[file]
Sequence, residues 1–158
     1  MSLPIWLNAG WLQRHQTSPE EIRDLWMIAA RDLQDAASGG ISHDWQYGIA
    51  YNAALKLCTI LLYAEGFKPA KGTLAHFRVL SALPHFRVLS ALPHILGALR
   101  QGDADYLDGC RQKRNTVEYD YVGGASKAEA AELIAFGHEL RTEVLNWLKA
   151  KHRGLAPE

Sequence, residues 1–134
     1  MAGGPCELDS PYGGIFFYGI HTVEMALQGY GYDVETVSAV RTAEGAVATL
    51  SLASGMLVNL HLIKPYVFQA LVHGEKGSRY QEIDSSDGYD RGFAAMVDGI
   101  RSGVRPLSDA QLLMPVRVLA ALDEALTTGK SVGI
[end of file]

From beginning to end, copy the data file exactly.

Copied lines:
Sequence, residues 1–158
     1  MSLPIWLNAG WLQRHQTSPE EIRDLWMIAA RDLQDAASGG ISHDWQYGIA
    51  YNAALKLCTI LLYAEGFKPA KGTLAHFRVL SALPHFRVLS ALPHILGALR
   101  QGDADYLDGC RQKRNTVEYD YVGGASKAEA AELIAFGHEL RTEVLNWLKA
   151  KHRGLAPE

Sequence, residues 1–134
     1  MAGGPCELDS PYGGIFFYGI HTVEMALQGY GYDVETVSAV RTAEGAVATL
    51  SLASGMLVNL HLIKPYVFQA LVHGEKGSRY QEIDSSDGYD RGFAAMVDGI
   101  RSGVRPLSDA QLLMPVRVLA ALDEALTTGK SVGI